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Thread: CNC laser table

  1. #1
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    CNC laser table -- support for part

    I have a table I'm building that is going to cut sheet metal. It doesnt work yet, but it will use a 100 watt CO2 laser. (Please resist the temptation to post that 100 watters dont cut sheet metal -- they do).

    My question is about the platform/support that will hold the sheet metal.

    The original top on my CNC table was a 1/2 thick plate of aluminum. I bolted down 24 disc shaped neodymium magnets on this plate with a 4-40 socket head bolts. The idea behind these things is that they'll supply some magnetic force on the sheet metal to hold the sheet in place. The main thing I like about the system is that it is very level. This is important because the "sweet spot" of the beam waist is rather small, and changes in the Z-height of the metal will could result in cases where the beam will not pierce the metal.

    The set up as it is now works fine in that they hold the sheet metal quite nicely. The bolt head projects about 1/8th of an inch above the magnet but because its made of steel it transmits enough magnetic force up the post to adhere the sheet metal.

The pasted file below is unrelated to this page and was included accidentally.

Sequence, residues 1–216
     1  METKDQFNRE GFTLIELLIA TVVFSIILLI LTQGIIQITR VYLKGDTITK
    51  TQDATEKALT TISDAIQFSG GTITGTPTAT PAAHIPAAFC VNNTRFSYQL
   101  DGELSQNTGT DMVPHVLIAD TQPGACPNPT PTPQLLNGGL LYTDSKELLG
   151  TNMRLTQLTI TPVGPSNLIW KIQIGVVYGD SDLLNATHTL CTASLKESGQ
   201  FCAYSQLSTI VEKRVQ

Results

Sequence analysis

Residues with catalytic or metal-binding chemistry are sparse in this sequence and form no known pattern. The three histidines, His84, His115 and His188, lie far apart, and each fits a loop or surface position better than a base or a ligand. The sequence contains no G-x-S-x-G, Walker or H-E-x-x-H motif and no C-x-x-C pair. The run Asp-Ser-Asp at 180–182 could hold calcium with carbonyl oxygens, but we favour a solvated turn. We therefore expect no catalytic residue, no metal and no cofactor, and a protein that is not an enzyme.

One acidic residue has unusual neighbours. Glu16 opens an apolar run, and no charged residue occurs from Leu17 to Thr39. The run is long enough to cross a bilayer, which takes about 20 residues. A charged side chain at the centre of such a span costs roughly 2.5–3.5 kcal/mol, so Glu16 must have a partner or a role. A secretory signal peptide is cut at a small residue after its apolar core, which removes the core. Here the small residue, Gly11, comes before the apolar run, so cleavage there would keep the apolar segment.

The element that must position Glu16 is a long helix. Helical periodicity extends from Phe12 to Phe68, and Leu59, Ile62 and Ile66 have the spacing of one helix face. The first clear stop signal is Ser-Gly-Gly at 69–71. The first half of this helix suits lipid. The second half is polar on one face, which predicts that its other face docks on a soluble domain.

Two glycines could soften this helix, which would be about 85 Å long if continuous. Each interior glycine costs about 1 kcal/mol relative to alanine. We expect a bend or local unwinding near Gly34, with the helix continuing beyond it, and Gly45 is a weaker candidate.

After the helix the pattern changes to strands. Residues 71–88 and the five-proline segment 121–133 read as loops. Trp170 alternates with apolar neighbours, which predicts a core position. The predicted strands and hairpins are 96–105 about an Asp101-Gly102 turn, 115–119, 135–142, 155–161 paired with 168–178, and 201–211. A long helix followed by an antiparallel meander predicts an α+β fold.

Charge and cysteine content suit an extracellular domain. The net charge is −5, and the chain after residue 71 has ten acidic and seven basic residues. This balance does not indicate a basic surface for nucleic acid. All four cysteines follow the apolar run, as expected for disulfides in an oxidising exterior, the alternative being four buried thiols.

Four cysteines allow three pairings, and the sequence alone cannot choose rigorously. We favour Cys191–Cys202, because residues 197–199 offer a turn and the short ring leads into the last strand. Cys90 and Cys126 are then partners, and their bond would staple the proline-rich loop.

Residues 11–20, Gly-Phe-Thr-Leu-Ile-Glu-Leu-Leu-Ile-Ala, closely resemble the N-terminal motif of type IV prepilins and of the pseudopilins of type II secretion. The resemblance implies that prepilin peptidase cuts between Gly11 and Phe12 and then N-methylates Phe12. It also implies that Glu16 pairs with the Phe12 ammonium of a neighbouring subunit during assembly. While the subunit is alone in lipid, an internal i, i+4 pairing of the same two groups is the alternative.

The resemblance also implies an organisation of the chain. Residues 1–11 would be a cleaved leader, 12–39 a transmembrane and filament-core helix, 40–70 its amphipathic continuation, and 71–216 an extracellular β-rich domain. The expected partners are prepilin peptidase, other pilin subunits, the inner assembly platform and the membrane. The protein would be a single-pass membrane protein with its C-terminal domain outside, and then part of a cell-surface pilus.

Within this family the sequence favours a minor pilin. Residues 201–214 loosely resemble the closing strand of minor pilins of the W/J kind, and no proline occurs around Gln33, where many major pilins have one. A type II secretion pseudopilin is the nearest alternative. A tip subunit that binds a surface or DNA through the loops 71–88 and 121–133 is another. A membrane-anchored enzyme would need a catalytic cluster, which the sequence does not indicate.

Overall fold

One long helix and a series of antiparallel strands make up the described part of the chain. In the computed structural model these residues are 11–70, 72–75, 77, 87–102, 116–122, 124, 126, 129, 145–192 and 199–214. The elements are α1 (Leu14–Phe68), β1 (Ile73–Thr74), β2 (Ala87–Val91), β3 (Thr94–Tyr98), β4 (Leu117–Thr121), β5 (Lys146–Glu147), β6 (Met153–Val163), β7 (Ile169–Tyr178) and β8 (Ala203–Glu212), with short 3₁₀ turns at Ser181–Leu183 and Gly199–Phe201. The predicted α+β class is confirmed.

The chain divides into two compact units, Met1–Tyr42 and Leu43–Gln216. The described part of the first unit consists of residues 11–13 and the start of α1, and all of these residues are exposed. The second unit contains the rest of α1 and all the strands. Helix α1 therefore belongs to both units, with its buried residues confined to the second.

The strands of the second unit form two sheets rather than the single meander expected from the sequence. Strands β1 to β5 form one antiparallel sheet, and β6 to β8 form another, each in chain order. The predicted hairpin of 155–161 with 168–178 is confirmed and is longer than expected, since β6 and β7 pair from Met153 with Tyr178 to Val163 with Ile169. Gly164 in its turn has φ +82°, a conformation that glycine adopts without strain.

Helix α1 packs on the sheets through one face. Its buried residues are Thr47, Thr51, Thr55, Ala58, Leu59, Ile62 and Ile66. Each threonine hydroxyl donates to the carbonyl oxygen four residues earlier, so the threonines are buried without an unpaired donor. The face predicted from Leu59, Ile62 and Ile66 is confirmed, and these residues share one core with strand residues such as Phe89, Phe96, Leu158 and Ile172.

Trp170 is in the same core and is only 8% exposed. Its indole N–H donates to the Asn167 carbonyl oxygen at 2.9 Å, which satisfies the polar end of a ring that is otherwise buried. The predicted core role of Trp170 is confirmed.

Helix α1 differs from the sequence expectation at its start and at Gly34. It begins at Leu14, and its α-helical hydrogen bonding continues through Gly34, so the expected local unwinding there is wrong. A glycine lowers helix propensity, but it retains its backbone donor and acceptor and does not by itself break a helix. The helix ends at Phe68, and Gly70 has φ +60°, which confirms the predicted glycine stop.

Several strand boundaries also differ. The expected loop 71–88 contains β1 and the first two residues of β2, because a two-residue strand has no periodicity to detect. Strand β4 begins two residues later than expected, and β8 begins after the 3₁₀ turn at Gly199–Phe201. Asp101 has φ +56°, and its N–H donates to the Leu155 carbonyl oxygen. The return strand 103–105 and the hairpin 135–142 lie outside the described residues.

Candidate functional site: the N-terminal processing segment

The question I got is if this system will work. One thing I'm wondering is if the beam hitting the aluminum plate will put off undersireable fumes. The other question I have is if there should be more distance between the part and the support underneath. The gap between the sheet metal and the aluminum is around 3/8ths of an inch. I think it'd also be better if I had a grate underneath the part. That would definitely make for better ventilation -- I could put a vacuum system below the part to pull off fumes. Comments are welcome.